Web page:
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Diencephalic syndrome is a condition caused by a tumor located in a portion of the brain above the brainstem called the diencephalon. The diencephalon includes the hypothalamus and the thalamus. This condition is usually found in infants and young children and may result in symptoms including failure to gain weight and grow normally (failure to thrive), progressive thinness and weakness (emaciation), and hyperactivity and restlessness (hyperkinesia). Other symptoms may include abnormal eye movements and vision issues, vomiting, and hydrocephalus. Diencephalic syndrome is most commonly caused by astrocytomas; however, other types of tumors may be associated including ependymoma, dysgerminoma, and ganglioma. Given their location, these tumors may cause symptoms by leading to abnormal functioning of the hypothalamus and optic nerve. Treatment usually involves surgery to remove as much of the tumor as possible, radiation therapy, and chemotherapy.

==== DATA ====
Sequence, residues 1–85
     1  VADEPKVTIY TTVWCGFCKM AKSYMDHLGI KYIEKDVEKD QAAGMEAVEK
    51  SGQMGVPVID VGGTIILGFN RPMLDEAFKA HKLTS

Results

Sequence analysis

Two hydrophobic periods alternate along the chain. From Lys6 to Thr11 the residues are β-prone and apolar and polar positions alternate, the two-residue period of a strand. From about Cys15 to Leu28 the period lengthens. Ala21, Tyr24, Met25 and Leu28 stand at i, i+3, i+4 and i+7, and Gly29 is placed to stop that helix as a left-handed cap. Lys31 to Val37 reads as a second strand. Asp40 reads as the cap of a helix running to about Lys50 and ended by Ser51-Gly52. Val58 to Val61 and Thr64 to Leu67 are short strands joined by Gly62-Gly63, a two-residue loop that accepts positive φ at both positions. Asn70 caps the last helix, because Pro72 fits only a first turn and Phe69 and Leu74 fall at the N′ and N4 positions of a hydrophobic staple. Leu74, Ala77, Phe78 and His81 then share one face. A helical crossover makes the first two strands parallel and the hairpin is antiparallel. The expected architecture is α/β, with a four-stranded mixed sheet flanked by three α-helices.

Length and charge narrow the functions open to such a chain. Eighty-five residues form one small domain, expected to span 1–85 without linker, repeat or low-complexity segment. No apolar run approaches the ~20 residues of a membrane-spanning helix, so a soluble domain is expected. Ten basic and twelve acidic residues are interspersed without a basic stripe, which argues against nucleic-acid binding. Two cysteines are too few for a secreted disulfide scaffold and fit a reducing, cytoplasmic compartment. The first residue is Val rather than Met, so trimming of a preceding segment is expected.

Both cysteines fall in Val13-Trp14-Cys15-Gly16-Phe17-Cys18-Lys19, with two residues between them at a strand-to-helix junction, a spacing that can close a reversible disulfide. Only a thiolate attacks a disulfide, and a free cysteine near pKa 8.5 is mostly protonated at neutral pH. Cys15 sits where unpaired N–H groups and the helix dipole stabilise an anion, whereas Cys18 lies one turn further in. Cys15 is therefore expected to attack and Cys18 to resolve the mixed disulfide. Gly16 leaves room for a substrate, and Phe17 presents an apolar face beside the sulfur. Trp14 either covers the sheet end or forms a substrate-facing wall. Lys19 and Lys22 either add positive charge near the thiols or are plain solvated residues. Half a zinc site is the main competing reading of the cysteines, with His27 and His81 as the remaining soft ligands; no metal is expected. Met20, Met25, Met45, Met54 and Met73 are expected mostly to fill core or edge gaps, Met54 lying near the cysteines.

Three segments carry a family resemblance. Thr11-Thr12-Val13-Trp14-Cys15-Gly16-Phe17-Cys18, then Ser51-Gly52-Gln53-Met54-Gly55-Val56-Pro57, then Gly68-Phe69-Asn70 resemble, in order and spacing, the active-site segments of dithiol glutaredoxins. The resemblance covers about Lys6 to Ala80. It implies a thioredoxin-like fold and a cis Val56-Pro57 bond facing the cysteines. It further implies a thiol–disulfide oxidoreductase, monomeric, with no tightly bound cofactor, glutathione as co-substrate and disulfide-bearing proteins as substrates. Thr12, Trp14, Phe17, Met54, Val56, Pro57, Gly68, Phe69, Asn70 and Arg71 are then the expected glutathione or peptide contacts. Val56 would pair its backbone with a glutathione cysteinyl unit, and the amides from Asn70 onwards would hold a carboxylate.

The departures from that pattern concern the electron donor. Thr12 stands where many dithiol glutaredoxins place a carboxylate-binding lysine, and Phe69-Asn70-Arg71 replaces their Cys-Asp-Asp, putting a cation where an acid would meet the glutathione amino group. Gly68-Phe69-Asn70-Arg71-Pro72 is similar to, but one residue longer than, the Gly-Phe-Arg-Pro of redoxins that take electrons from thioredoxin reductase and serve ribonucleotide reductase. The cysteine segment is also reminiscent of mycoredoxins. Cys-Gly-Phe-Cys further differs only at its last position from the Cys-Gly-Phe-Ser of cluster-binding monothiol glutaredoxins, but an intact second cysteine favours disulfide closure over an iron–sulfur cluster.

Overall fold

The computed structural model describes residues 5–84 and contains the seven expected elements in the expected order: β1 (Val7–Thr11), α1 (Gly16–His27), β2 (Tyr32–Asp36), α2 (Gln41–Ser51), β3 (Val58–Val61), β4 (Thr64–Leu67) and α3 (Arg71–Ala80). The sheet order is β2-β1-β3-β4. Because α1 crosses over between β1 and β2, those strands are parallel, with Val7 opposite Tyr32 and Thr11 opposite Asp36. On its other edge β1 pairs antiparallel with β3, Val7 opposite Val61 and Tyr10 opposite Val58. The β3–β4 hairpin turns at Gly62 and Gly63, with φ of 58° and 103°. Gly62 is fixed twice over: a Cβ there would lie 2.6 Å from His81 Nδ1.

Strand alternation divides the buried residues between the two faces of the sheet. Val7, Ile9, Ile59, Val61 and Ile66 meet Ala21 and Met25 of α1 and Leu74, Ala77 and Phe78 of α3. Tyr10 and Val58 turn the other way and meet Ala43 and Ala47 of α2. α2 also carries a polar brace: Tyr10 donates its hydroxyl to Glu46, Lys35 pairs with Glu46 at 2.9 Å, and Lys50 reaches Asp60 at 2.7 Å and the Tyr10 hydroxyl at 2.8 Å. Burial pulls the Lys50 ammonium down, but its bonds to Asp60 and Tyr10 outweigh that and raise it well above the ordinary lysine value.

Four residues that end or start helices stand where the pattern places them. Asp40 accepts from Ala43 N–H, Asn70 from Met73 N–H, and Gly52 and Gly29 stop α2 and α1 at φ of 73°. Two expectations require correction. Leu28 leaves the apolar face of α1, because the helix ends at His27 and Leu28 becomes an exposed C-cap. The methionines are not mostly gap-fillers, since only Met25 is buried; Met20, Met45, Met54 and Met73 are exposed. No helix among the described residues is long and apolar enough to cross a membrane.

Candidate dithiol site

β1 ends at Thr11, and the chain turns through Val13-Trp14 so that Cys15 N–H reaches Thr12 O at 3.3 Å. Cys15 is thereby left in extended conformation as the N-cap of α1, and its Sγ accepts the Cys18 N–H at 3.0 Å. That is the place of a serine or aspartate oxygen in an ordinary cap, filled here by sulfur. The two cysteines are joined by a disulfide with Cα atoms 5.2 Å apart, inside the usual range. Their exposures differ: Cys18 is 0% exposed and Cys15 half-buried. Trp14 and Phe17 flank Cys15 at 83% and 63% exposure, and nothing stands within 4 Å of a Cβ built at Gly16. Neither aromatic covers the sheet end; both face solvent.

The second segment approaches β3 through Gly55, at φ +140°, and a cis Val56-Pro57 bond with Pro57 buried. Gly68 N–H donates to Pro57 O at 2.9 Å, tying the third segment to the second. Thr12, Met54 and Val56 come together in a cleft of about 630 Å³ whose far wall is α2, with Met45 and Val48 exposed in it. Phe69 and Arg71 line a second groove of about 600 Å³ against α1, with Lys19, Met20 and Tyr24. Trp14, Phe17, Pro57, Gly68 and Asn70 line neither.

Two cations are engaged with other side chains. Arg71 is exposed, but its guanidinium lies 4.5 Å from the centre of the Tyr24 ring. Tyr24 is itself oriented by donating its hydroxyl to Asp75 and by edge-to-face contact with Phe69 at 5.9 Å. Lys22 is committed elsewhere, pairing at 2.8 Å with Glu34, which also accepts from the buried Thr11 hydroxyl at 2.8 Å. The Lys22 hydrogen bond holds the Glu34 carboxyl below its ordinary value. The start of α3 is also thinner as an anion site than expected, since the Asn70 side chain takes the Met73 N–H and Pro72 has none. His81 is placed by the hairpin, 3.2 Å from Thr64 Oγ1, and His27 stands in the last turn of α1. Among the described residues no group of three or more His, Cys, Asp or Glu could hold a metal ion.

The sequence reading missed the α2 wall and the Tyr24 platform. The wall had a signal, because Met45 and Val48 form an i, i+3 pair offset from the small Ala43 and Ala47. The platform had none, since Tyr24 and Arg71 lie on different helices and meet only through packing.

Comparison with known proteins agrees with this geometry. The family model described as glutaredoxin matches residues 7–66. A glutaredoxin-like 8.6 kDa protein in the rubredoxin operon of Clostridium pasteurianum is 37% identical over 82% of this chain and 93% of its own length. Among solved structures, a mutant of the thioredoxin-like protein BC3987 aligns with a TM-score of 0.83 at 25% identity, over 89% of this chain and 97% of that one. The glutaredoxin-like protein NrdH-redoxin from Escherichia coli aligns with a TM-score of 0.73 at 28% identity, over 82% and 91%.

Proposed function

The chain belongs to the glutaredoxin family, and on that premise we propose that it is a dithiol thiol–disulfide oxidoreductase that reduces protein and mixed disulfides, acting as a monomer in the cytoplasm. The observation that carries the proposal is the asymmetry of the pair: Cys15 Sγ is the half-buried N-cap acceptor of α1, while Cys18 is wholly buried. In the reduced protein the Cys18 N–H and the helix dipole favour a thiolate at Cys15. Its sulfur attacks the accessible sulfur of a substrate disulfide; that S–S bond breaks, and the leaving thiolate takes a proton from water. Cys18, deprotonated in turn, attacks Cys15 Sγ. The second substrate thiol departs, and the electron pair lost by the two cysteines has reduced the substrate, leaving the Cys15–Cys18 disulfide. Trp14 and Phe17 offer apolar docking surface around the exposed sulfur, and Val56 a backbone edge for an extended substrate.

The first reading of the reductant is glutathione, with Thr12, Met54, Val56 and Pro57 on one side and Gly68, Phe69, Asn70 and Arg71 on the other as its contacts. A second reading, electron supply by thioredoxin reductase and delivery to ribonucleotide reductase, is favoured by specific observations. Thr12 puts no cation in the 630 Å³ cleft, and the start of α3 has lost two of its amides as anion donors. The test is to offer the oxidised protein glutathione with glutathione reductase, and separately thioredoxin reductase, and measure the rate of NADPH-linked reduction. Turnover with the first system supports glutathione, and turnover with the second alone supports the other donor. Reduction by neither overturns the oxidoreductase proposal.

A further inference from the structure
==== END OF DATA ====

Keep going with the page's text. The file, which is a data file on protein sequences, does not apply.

Source: GARD Last updated on 05-01-20
The prognosis for individuals with diencephalic syndrome differs depending on the type of tumor associated and grade of the tumor. If left untreated, most with this condition will pass away within 12 months. With treatment, the long-term survival is greatly improved; however, even with treatment, the tumor may continue to grow slowly and there may be lasting symptoms related to issues with the hypothalamus and vision.
Last updated on 05-01-20
A Kids’ Brain Tumor Cure Foundation provides information and resources for different conditions associated with brain tumors, including Diencephalic syndrome
Last updated on 04-27-20
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